The present invention contemplates a laminar flow system and removable animal rack in which the system is semi-permanently mounted with the animal rack being transportable into direct laminar flow relationship with the filter of the system. The system comprises a vertical air circulation housing having imperforate end walls and an intake at the top. At least the front wall is essentially a filter. A plenum chamber is defined behind the filter, or behind a pair of opposed filters, where both the front and rear constitute a filtered surface. A blower is provided beneath the top wall in an airflow coupled relationship to the filter. The animal cage rack is transportable, as indicated to the front of a filter or the filters and is sealed thereto with a gasket of the character disclosed in letters U.S. Pat. No. 3,870,490, when standardized animal racks are employed. From a dimensional standpoint, optimally the height of the housing is four times the depth. The housing further has a height to width ratio of less than 2:1. Finally, the housing has a width to depth ratio of greater than 3:1. Utilizing these ratios, a maximization of total animal cages per unit can be achieved, and yet with a housing which will pass through a standard 36 inch door, and can be erected in a standard 8 foot room. Furthermore, the animal cage is separately transportable to a remote location for steam cleaning, washing and the like, without damage to the HEPA filter. Optionally, removable extensions can be provided on the end walls to tubularize the laminar flow and protect the same against the ambient eddy currents and end effect.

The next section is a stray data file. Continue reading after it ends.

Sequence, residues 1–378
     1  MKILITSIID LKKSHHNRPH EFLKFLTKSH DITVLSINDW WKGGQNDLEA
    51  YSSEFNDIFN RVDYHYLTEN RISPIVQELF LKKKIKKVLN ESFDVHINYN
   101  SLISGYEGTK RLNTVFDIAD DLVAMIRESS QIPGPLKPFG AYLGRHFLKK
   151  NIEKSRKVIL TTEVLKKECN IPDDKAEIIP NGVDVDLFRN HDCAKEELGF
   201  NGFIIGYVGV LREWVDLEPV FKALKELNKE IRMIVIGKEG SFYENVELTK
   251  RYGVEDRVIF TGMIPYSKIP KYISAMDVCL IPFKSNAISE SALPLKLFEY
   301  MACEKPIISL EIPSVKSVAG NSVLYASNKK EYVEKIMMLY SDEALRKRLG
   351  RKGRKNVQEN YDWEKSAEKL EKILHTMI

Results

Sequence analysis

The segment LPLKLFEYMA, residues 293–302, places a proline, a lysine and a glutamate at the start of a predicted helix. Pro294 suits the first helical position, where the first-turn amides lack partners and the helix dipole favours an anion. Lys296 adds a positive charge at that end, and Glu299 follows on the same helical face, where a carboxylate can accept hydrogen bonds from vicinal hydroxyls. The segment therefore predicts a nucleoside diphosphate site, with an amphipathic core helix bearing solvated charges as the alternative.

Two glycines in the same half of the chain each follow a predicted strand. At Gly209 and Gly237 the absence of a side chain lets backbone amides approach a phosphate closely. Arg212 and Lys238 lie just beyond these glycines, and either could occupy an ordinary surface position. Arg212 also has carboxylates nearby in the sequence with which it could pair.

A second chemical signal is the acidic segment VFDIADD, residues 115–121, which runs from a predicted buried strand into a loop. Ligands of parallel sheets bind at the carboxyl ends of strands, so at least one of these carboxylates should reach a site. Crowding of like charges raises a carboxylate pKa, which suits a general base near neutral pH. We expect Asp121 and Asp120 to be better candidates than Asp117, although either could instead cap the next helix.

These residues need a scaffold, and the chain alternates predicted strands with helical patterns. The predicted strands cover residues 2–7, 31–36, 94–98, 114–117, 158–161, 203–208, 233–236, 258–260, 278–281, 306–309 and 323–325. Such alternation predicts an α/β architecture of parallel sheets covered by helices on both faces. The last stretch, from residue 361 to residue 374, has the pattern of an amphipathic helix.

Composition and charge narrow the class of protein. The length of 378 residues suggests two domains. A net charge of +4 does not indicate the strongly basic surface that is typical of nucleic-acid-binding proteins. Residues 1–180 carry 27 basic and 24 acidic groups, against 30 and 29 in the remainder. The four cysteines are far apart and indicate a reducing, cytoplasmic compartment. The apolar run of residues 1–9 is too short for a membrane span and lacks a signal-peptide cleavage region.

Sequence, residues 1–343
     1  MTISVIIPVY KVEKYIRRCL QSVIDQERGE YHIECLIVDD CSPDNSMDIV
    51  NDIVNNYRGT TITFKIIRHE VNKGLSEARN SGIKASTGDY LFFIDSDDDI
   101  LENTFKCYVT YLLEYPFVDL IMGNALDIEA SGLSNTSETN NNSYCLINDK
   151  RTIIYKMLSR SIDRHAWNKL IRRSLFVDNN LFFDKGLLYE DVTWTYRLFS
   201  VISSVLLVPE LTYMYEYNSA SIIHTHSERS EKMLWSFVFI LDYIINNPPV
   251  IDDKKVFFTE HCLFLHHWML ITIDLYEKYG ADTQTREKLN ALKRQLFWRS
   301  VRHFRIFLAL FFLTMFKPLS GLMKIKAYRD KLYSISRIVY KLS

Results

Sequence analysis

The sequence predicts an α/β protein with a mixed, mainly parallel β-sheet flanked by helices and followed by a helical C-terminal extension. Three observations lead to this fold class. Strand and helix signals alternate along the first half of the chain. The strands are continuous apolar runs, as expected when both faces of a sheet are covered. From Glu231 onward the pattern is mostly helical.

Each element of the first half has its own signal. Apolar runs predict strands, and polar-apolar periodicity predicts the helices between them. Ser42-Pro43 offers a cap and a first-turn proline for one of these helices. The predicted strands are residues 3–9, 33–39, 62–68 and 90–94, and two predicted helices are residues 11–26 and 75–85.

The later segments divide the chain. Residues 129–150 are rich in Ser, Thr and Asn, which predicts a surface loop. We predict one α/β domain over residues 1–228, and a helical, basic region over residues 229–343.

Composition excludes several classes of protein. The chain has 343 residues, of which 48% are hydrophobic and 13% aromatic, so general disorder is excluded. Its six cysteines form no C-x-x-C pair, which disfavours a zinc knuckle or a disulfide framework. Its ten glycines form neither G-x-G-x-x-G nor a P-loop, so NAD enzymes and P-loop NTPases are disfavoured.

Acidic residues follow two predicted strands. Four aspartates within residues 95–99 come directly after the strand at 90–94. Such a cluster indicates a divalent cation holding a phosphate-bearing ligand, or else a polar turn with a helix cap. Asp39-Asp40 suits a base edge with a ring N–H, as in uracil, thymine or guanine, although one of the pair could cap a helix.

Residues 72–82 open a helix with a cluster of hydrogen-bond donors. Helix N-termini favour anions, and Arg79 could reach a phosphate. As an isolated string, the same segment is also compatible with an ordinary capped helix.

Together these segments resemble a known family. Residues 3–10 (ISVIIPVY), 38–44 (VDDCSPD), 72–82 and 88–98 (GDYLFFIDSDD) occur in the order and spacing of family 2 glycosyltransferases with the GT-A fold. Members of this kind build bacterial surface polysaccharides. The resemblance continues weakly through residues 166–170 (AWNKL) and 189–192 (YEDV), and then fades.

One of the principal objects of the present invention is to provide a laminar flow animal rack which provides an optimum amount of HEPA filtered air for several animal cages. A related object is to provide a central laminar flow system remaining stationary, while the racks can be easily removed to go to cage washers.
A more detailed object of the present invention is to provide a laminar flow animal rack with 6 foot wide by 5 foot high area of HEPA filtered air which accommodates 100 or more conventional mouse cages with a 30 square foot capacity.
An optional embodiment of the invention, a double laminar flow animal rack, can be serviced by one unit with the filters on the front wall and the rear wall, providing 60 square feet of HEPA filter, still within the confines of a unit which can be passed through a 36 inch door, into an 8 foot room. A related object of the present invention is to provide the maximum square footage of laminar air and animal cages available for a given price per cage and per square foot.